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How Singapore plans to survive world’s impending food crisis

Singapore’s obsession with food goes far deeper than its world-famous chili crab and laksa. One of the most densely populated countries on the planet, its 5.7 million people rely on other nations for almost everything they eat. Just 0.9 percent of its land area of about 700 square kilometers was classified as agricultural in 2016, only marginally more than icebound Greenland.  

Despite producing little of its own, Singaporeans arguably have better access than anyone else to affordable, abundant and high quality produce. The country has ranked first in an index of food security for two years running and is now deepening its focus as the COVID-19 crisis exposes the fragility of global food supply chains. To this end, the country is developing expertise in technologies such as vertical farming, nutrient recovery from food waste, and the use of insects, microalgae and cultivated meat as alternative protein sources, according to William Chen, the director of Food Science and Technology Programme at Singapore’s Nanyang Technological University.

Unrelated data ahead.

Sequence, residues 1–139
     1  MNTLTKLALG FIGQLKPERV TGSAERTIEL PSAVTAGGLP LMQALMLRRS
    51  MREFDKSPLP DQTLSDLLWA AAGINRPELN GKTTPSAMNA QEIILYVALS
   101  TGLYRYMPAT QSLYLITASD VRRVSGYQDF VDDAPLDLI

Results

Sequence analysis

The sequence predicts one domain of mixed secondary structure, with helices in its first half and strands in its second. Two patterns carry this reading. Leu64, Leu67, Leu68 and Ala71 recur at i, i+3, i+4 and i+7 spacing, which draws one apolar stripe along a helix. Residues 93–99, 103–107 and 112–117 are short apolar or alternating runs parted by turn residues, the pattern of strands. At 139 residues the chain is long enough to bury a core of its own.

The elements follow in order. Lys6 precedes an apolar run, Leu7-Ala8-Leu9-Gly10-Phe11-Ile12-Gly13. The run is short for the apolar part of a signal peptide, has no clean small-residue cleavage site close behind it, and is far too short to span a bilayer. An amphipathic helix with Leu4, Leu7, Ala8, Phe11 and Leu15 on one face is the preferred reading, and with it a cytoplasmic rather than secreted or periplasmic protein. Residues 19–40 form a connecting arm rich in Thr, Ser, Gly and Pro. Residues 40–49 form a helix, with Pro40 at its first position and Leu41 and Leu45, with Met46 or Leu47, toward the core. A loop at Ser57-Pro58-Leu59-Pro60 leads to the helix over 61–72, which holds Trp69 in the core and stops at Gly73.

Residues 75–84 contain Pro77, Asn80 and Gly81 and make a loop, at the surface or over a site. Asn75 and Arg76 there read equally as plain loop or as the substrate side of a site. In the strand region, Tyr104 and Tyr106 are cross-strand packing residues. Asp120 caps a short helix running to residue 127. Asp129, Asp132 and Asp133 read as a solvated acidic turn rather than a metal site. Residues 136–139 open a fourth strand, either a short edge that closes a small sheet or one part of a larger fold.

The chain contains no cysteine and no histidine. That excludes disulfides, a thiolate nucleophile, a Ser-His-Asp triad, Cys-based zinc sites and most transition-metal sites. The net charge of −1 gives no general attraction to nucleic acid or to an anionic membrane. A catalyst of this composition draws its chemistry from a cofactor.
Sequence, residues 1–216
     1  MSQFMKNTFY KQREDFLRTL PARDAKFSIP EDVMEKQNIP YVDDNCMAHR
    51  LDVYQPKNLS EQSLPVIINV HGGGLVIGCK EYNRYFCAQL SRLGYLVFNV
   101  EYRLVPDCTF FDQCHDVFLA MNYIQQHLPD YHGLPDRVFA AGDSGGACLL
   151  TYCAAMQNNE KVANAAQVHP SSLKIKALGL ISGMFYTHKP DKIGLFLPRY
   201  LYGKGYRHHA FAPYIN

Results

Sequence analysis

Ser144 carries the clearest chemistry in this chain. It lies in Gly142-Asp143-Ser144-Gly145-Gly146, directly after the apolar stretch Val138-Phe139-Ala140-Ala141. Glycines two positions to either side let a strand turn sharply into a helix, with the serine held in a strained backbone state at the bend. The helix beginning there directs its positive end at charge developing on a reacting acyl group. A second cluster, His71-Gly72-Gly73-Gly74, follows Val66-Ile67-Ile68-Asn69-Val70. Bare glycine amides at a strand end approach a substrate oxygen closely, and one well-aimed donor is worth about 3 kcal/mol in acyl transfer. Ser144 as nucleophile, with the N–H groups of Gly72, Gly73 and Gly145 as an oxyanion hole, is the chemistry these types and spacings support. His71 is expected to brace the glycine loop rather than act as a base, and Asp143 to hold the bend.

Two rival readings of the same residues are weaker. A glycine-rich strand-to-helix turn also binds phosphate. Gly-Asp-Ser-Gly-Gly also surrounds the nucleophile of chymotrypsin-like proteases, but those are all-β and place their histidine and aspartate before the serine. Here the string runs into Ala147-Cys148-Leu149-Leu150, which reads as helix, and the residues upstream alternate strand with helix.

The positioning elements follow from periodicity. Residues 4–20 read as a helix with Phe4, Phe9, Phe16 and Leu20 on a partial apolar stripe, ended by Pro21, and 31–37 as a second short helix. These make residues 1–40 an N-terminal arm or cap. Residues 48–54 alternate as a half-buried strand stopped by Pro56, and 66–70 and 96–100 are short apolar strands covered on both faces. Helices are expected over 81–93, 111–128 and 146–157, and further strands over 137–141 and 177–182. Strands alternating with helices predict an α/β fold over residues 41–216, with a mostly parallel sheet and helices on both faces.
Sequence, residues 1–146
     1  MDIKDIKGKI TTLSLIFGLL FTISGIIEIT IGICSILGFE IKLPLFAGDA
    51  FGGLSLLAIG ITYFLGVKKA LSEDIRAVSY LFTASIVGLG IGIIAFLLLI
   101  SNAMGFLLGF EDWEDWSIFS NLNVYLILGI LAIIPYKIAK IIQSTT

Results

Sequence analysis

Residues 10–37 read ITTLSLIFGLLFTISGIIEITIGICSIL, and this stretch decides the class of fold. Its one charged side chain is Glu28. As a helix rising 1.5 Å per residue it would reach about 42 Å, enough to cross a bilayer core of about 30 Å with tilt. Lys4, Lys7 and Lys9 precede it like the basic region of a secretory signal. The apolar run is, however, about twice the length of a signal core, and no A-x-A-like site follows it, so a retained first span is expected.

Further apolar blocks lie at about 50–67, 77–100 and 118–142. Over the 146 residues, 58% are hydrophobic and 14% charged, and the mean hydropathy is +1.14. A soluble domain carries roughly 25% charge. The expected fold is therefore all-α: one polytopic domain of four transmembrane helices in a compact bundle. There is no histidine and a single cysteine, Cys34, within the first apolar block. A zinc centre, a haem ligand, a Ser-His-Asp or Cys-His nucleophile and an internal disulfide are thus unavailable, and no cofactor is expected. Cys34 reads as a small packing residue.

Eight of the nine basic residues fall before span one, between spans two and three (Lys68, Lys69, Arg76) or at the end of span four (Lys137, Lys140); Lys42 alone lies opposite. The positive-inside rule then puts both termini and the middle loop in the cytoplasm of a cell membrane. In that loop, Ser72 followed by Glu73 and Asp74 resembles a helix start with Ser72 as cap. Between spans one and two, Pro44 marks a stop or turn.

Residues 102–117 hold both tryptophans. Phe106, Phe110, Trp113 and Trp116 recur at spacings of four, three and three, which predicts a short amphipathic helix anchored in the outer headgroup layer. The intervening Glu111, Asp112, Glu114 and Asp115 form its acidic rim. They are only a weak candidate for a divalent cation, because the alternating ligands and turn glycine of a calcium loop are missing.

Already, work is underway to free up more spaces for urban food production, for example on the rooftops of multistory car parks, according to the SFA. The government is financing research into sustainable urban farming as well as future foods such as alternative proteins, and seeking to expand fish farming off the south coast of the country. It’s also funding technology to help raise output from its existing farms, which totaled about 200 licensed operations as of 2018, producing mainly vegetables, fish and eggs.

Read more at Japan Times 


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